This is especially true of electronic goods, beauty supplies and designer purses. The exception to this rule? Cigarettes. If you live in a state with high taxes, cartons of cigarettes will be significantly cheaper at these shops than your home town store.

Currency Exchanges

For years I mistakenly thought that because I use an airport that has a lot of its international flights going to Central and South America that the currency exchange stations in the airport would give travelers a good deal. Man was I wrong! Turns out airports are the most expensive places to exchange your money. Currency exchange desks at airports around the world slam travelers with sky-high transaction fees.

You’ll get a much better deal, and by deal I mean you’ll pay much less in fees, if you exchange your currency outside of the airport. Banks and ATM’s in the country you are traveling to will give you a much better exchange rate. Years ago when Mr. Patterson and I traveled to Costa Rica our friend took us to a bank in our destination city to exchange our currency. The bank didn’t charge us a fee at all.

If you can’t get to a bank try taking out money at an ATM in your destination city. You’ll likely get the best interbank exchange rate available. The transaction fees you’ll incur at a foreign ATM won’t even compare to the airport’s ridiculously high charges.

Wi-Fi

If you’re like me than you think it’s absurd that all airports don’t offer free Wi-Fi to its travelers. Now-a-days everyone has a smart phone or tablet they play or work from while waiting for their flight. Since the Department of Transportation estimates that only 77 percent of flights arrive on time, you could have a long wait in the airport.

While there are a few airports across the country that offers Wi-Fi for free to its travelers, the majority still charge for the service. Connecting to the internet will cost you $8-10 for a full day. Of course, you’ll be at the airport only for a fraction of that time, but most providers don’t offer hourly or per minute rates.

Before you type in your credit card information to connect to the web try these sneaky ways to get it for free. Once I was able to sit right outside the entrance to an elite flyer’s lounge and pick up a signal. You can also try sitting in an airport hotel lobby to pick up a Wi-Fi signal that isn’t password protected. If that doesn’t work check to see if there is a Starbucks in your terminal, they usually offer free W-Fi.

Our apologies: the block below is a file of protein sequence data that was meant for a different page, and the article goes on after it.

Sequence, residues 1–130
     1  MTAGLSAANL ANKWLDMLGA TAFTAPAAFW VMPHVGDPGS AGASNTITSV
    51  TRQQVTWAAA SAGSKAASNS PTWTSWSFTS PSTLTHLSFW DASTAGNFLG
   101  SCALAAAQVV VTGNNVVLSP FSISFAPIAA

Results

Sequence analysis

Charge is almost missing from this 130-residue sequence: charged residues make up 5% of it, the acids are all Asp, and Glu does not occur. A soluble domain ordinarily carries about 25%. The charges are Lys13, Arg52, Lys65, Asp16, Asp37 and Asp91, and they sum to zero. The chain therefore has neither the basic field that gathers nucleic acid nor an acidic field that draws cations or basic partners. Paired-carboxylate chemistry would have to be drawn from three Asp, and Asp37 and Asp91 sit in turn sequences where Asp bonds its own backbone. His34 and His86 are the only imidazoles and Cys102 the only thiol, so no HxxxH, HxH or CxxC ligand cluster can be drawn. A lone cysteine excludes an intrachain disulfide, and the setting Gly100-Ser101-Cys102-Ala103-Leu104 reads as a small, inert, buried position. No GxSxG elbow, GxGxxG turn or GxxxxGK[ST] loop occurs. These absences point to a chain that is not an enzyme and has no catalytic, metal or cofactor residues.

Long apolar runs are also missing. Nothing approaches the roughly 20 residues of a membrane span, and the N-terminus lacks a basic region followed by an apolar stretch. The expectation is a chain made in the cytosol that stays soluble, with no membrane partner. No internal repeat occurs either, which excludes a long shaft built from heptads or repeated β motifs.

Food and Snacks

Boredom is a big reason why we eat at airports. Many times we eat to make the time go by faster before its time to board our flight. Eating at restaurants is a good time waster…until we get the bill and realize what a money waster it is too!

Restaurant meals are notorious for their high prices, especially compared to their off-site locations. A meal that costs $10 in a restaurant not at the airport, will easily run you between 30 and 50 percent more.

Travelers feel trapped by these high costs because they are spending more time at airports because of post 9/11 security rules. Unfortunately the only way to combat the high cost of eating at airports is to bring food with you while you travel. Pack yourself a sandwich, trail mix or an energy bar to avoid paying out the nose for a bite to eat while you travel. If you must eat while traveling avoid eating at sit-down restaurants and pick up an on-the-go snack that won’t have been marked up quite as much.

A Parking Spot

If you park close to the airport you’re paying for the convenience. That makes sense if you’re just going to be gone a day or two. When you stretch a trip out over a long weekend or more though, you’ll really see the jump in price. To park at the garages close to the Ft. Lauderdale airport I have to fork over $12 or more a day. If I fly out next Wednesday, the 27th, and return five days later I’ll receive a bill for $72! Parking at off-site lots will always save you a bunch of cash. Around here off-site parking lots usually run about $8 a day, knocking $24 off my final bill.

Flying to see friends and family for Thanksgiving has never been a cheap thing to do. But you don’t have to allow the airlines to make any more money off you by buying their overpriced wares while waiting for your flight. With a bit of preparation you can save yourself well over $50 with these money saving tips.

Keeping Money in Your Pocket,

Nancy Patterson